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CHAPTER THREE


Stardate 55724.9
Cardassia Prime
Culat Province
Temporary Office of Minister of Security


“I see that one of the new patrol ships has broken away from our border and has met with the Enterprise. Only time will tell, I think,” said Cacet as he took the seat behind his desk.

“Yes Gul,” replied Prethet. “We lost them on long-range scans but our intelligence reports have been reliable and they believe they are both heading towards their Starbase 214.”

“214?” he asked with some surprise, but then smiled weakly. “Good. Close. It will allow better monitoring.

“Yes Gul,” confirmed Prethet.

“Continue to report. I want to know every move they make, understood?”

“Yes Gul.”

“Fine. Dismissed.”



Stardate 55724.9
Starbase 214
Holosuite Atrium


Well at least there’s a silver lining to this cloud. A good ride is just the thing I need to help me get my mind off this damned detour!

Picard moved down the corridor of the Starbase towards the holosuites. The heels of his riding boots scuffed the carpet slightly and he carried his English saddle tucked at his side. I think I’ll increase the spirit level of the horse today. Hopefully Captain Steele is experienced enough to keep up!

He followed the bend in the corridor and smiled as the area to the holosuite gallery opened into a beautiful green and white-lit atrium. He was immediately approached by a portly Bolian woman in a vibrant blue dress that matched her skin tone perfectly. Picard was struck by how odd it made the woman appear – as though she had layers of strange, thin skin that flowed from her shoulders and hung to the floor. She smiled brightly when she saw his saddle. “Captain Picard, I presume?” she asked.

He nodded graciously. “I am, Madam.”

“Captain Steele has contacted us to ask you to forgive her tardiness. She should be here momentar…” Her eyes brightened and she gazed behind Picard’s position. “Ah, not too late at all, here she is!”

Picard turned quickly and was immediately taken by her as she approached. Her pitch-hued hair was pulled back loosely into a soft French-braided rope which rested over her shoulder. Her riding britches outlined what Picard now realized was a remarkably athletic and amazing figure. He freed his smile when he saw that she carried an English saddle at her side.

When Steele recognized he carried his own, she laughed gratefully. “And here I thought I’d be made fun of for bringing my own saddle!”

Picard shook his head fiercely and extended his hand. “Absolutely not Captain!” he said as he took her hand in his. Her skin seemed softer than it had the day before, or had he just noticed it differently?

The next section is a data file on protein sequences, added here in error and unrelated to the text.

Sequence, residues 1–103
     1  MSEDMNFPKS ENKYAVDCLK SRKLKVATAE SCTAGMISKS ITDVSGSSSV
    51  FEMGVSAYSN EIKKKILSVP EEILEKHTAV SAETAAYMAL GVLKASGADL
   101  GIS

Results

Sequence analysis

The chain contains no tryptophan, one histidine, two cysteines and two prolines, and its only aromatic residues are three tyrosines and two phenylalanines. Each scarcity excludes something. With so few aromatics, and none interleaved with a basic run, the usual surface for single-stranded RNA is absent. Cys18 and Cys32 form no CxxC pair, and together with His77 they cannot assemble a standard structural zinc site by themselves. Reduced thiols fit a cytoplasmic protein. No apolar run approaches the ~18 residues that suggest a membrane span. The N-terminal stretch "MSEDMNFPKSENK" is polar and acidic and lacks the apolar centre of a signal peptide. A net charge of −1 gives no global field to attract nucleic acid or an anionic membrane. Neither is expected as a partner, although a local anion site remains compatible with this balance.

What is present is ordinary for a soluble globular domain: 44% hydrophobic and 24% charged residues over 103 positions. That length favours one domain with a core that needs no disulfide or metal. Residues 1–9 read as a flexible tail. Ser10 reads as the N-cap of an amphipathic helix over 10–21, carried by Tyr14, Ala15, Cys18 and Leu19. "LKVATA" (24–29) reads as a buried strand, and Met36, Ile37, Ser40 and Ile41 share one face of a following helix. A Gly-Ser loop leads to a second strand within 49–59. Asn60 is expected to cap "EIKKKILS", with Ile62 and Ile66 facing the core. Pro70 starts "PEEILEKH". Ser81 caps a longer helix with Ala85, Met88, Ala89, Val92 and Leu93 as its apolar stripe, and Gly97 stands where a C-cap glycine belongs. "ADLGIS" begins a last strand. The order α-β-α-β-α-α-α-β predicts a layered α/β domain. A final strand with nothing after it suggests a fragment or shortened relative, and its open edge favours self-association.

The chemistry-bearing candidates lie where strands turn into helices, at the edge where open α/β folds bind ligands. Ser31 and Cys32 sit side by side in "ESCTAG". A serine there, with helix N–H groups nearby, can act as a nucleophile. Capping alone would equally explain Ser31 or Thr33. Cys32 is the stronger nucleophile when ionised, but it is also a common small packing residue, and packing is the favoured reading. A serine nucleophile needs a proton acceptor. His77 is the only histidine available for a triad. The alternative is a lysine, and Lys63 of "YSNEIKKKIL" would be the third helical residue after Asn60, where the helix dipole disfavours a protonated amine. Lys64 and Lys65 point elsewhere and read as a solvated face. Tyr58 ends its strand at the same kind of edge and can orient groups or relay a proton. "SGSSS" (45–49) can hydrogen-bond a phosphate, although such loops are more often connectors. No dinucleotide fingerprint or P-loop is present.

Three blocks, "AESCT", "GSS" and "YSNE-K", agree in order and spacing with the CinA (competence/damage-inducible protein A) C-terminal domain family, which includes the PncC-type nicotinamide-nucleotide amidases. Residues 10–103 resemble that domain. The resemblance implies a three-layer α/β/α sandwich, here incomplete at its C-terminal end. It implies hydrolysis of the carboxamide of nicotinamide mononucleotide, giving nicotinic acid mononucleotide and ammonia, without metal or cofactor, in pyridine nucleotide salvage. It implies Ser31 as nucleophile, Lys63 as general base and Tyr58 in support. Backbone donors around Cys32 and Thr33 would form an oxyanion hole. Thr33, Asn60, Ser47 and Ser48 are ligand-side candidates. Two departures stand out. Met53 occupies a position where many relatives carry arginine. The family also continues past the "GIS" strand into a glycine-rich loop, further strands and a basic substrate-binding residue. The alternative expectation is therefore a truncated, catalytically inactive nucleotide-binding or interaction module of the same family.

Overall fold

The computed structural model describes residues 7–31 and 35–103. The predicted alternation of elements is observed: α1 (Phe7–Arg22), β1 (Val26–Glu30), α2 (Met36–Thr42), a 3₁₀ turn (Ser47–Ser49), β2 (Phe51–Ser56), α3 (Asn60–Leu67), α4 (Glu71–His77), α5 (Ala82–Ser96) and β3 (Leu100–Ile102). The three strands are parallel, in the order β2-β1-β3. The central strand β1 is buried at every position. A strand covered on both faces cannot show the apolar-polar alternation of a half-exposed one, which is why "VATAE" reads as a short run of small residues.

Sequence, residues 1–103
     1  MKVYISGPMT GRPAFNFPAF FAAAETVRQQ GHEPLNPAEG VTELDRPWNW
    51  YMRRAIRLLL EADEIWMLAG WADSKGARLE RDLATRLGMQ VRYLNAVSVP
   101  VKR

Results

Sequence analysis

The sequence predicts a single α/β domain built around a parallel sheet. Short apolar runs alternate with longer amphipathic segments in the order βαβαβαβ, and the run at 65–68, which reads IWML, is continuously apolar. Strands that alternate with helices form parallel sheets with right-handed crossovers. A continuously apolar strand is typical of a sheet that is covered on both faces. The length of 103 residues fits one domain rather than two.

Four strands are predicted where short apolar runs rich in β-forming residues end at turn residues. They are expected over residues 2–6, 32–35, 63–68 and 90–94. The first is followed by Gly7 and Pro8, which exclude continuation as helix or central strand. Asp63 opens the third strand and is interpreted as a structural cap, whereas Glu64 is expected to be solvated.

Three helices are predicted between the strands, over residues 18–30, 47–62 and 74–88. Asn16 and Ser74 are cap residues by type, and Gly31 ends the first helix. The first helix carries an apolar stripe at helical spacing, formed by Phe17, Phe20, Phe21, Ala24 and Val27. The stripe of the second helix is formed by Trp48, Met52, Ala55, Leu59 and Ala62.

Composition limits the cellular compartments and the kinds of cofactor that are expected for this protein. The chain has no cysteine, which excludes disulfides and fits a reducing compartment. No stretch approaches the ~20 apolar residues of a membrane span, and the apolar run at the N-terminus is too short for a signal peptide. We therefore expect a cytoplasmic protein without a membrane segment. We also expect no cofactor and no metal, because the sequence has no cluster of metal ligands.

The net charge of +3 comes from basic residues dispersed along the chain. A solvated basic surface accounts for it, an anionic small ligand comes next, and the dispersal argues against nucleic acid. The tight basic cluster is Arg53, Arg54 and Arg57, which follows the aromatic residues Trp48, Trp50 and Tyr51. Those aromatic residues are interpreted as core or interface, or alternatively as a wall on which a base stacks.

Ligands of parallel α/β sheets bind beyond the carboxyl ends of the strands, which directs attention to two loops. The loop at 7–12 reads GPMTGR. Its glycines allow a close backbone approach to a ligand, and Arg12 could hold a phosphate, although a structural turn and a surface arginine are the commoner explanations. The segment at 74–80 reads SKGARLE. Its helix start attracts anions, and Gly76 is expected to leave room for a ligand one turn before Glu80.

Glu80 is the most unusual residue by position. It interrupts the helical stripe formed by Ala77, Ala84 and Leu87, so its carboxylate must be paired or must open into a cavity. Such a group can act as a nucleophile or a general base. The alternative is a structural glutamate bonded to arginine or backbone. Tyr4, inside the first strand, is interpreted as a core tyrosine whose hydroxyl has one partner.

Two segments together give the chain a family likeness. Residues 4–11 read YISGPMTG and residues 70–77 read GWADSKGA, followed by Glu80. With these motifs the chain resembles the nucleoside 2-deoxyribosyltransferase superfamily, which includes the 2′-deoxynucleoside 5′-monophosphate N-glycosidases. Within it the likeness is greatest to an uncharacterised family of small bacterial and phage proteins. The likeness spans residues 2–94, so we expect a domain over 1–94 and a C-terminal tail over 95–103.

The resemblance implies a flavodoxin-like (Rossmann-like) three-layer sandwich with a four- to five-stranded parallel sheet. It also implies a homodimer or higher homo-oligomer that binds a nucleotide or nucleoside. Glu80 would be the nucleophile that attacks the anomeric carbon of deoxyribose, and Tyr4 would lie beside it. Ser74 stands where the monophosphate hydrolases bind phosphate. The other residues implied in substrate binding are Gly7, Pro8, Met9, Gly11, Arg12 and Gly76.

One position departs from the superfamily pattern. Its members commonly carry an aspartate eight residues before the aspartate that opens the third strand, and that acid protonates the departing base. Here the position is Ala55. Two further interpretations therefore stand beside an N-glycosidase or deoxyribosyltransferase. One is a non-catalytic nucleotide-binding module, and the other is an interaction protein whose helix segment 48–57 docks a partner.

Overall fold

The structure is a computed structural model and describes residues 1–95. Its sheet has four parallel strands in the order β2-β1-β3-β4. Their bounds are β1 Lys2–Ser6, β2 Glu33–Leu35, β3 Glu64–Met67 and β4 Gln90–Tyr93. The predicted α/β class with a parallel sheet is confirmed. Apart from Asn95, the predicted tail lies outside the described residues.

“It’s Toni, remember?” she chided.

“Of course.” He grinned and found himself feeling better already. His disappointment over yet another delay to go exploring was beginning to fade slightly as he allowed himself to feel the excitement about the forthcoming ride. “Shall we Toni?”

“By all means Jean-Luc.” She followed the Bolian woman who led them to a holosuite on the third level of the atrium. She left them at the door and Picard approached the command panel and turned to his counterpart.

“Do you have a preference?” he smiled, “Or may I be allowed to choose a suitable venue?”

Steele grinned. “Will told me you have a preference for the French countryside, I was hoping to take in some of views of Burgundy.”

Picard’s heart fluttered with his satisfaction. “Excellent! What level and type of horse may I request for you?”

“Mmmm, thoroughbred stallion, something in a nice shade of brown. Level ten I think.”

“Ten?” he responded with great enthusiasm, “Good. I was hoping for a robust partner today! Computer. Terran horse riding program, France fourteen.”

“Select time of day, season and temperature,” the computer’s voice responded.

“Mid-day, early summer, twenty three point five degrees Celsius.” He smiled as Steele nodded her agreement.

“Number of horses.” The computer inquired once more.

“Two stallions. The first, a liver-chestnut thoroughbred. The second, a dapple-grey Arabian. Both level ten. Standard English tack minus saddles.”

A confirming tone chirped and Picard escorted his companion into the suite when the program was complete and the doors hissed open.

He was overcome with the smell of oak, maple and some pine as well as the earthy-loamy scents he remembered from his youth. He breathed in deeply as they walked to two horses tethered to a fence post on the summit of a grass-coated limestone hill that gently led down towards a slow-moving river. They began to saddle the horses immediately.

“Alésia.” Steele stated. “It’s magnificent Jean-Luc. There’s a great section that’s perfect for some mid-level jumping off to the east there correct?”

“You’re familiar with La Bourgogne?!” he asked with some surprise.

“Oui.” She smiled. “My grandmother rode here for several competitions.”

“Le Grand Prix d’Alise-Sainte-Reine?” he asked. “Your grandmother competed?”

“And won…twice.” She grinned mischievously.

Picard’s face contorted then he loosed an audible gasp. “Wait a minute. Only one person has ever won that competition twice. Your grandmother was Gabrielle L’Nui?”

“Oui.” She giggled as she pulled the cinch of the saddle tight around her horse’s midsection. She shook the saddle hard to assure its sturdy hold.

Picard’s eyes widened once more. “That means you’re…you’re Ambassador D’Nera’s granddaughter?”

“I am.” Steele smiled but then her face filled with confusion. “But you couldn’t have known him Jean-Luc…you’re far too young.”

Picard smiled. “Nice to know I’m too young for some things Ton…I’m sorry. I just can’t seem to make Toni work. Antoinette. It suits you more I think. You don’t mind do you?”